Regulation 2022/576 further imposes additional import bans on specific goods, if they originate in Russia or are imported from Russia.

This includes cement, rubber products, wood, spirits, liquor and high-end seafood (such as caviar). The goods and products affected are diverse and any companies importing goods or products from Russia or originating in Russia should carefully assess such goods or products, including their origin and export route.

Sixth element: Excluding Russia from public contracts and European financial support

Regulation 2022/576  implements a general ban on the participation of Russian national and entities in public procurement contracts in the EU, as well as an exclusion of all financial support to Russian public bodies.

Additional individuals and entities subject to asset freezes

Separately, Regulation 2022/581 imposes asset freezes on an additional 216 individuals and 18 entities, including all 179 members of the so-called “governments” and “parliaments” of Donetsk and Luhansk. Other new listings include key oligarchs and business people, high-ranking Kremlin officials, proponents of disinformation and information manipulation, and family members of already sanctioned individuals[4]. The total list now cover more than 1000 individuals and entities[5].

Sanctions by non-EU countries

Other (non-EU) countries have also imposed new and additional sanctions on Russia. On 6[6] and 7[7] April 2022, the US government issued executive orders applying restrictions on new investments and services targeted at Russia, as well as new sectoral restrictions, and the designation of a substantial number of additional individuals and entities. On 6 April 2022, the UK government also presented new sanctions. The UK sanctions are closely aligned with the measures imposed by the EU, and also include a full asset freeze on the largest Russian bank, SberBank, along with a termination of all imports of Russian coal and oil effective by the end of 2022[8].

Impact on Danish companies

The scope of applicable sanctions targeting Russia has now been extended even further and cover a wide range of sectors. Danish companies should ensure that their sanctions compliance programs, policies, screening processes and payment processes are updated to ensure that the newly enacted sanctions are appropriately addressed.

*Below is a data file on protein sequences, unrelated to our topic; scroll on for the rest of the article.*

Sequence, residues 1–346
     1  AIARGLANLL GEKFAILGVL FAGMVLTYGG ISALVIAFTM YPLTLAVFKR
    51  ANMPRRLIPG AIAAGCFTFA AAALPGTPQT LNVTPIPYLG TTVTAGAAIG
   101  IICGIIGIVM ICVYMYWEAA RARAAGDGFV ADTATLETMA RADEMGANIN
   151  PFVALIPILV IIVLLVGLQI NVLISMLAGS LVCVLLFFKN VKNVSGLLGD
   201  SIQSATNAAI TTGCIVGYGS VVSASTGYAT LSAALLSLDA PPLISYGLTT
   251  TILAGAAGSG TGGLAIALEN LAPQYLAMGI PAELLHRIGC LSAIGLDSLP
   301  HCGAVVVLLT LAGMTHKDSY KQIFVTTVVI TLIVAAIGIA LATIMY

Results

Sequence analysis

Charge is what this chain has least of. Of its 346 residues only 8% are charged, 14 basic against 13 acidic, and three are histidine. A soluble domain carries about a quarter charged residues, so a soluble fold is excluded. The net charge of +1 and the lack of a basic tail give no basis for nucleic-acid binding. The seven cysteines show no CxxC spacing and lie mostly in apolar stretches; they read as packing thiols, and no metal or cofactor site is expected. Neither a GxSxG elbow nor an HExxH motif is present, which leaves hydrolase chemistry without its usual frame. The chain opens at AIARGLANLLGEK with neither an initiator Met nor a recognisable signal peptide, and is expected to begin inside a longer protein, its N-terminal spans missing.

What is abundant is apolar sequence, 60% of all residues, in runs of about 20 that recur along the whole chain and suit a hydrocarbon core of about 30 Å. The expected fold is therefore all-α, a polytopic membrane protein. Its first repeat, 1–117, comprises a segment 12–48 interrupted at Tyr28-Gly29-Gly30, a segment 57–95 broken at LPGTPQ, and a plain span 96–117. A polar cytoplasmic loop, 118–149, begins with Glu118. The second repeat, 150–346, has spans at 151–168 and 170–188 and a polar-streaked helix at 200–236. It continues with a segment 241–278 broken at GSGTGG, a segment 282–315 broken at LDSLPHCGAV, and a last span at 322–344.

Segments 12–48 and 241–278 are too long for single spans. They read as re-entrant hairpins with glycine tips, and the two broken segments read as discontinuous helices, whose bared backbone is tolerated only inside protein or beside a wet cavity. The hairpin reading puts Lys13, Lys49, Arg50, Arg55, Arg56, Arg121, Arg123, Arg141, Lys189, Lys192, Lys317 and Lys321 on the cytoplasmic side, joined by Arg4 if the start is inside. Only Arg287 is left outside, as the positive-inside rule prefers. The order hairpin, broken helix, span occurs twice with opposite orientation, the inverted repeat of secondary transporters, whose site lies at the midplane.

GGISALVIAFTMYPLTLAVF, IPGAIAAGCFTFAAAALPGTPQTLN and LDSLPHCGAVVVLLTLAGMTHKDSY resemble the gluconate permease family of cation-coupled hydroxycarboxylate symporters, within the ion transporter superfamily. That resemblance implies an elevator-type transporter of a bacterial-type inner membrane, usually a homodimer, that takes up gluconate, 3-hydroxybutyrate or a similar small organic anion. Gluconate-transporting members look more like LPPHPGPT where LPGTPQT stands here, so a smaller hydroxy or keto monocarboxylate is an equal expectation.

We recommend that Danish companies conduct a re-screening in regards to products and all business partners in light of the new extensive sanctions.

We further recommend to closely monitor the situation in order to ensure compliance with potential new restrictions which may be imposed at short notice.

Gorrissen Federspiel closely follows the developments of sanctions against Russia and we can assist with the interpretation of and compliance with the applicable sanctions, as well as implementation of measures to ensure that sanctions are observed. If you have any questions, please contact a member of our CSR and Compliance team.

For more information on the previous EU sanctions packages, please see Gorrissen Federspiel’s newsletter of 16 March 2022, Gorrissen Federspiel’s newsletter of 10 March 2022, Gorrissen Federspiel’s newsletter of 2 March 2022, Gorrissen Federspiel’s newsletter of 28 February 2022 and Gorrissen Federspiel’s newsletter of 24 February 2022.



[1] Council Regulation (EU) 2022/576 of 8 April 2022 amending Regulation (EU) No 833/2014 concerning restrictive measures in view of Russia’s actions destabilising the situation in Ukraine

[2] Council Implementing Regulation (EU) 2022/581 of 8 April 2022 implementing Regulation (EU) No 269/2014 concerning restrictive measures in respect of actions undermining or threatening the territorial integrity, sovereignty and independence of Ukraine